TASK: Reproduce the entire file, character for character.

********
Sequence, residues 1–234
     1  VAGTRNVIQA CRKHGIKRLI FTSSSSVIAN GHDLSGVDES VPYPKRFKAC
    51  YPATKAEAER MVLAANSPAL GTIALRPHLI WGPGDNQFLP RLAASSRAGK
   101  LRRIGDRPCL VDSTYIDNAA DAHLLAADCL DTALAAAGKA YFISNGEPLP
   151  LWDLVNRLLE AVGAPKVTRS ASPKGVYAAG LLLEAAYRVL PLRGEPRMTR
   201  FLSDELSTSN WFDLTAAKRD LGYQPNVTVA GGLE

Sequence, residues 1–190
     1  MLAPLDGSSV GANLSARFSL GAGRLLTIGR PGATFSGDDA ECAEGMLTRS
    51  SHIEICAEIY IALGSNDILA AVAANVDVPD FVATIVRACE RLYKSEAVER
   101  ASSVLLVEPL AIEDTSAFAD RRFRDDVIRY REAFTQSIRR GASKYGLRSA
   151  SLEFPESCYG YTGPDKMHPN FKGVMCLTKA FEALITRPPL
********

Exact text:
Sequence, residues 1–234
     1  VAGTRNVIQA CRKHGIKRLI FTSSSSVIAN GHDLSGVDES VPYPKRFKAC
    51  YPATKAEAER MVLAANSPAL GTIALRPHLI WGPGDNQFLP RLAASSRAGK
   101  LRRIGDRPCL VDSTYIDNAA DAHLLAADCL DTALAAAGKA YFISNGEPLP
   151  LWDLVNRLLE AVGAPKVTRS ASPKGVYAAG LLLEAAYRVL PLRGEPRMTR
   201  FLSDELSTSN WFDLTAAKRD LGYQPNVTVA GGLE

Sequence, residues 1–190
     1  MLAPLDGSSV GANLSARFSL GAGRLLTIGR PGATFSGDDA ECAEGMLTRS
    51  SHIEICAEIY IALGSNDILA AVAANVDVPD FVATIVRACE RLYKSEAVER
   101  ASSVLLVEPL AIEDTSAFAD RRFRDDVIRY REAFTQSIRR GASKYGLRSA
   151  SLEFPESCYG YTGPDKMHPN FKGVMCLTKA FEALITRPPL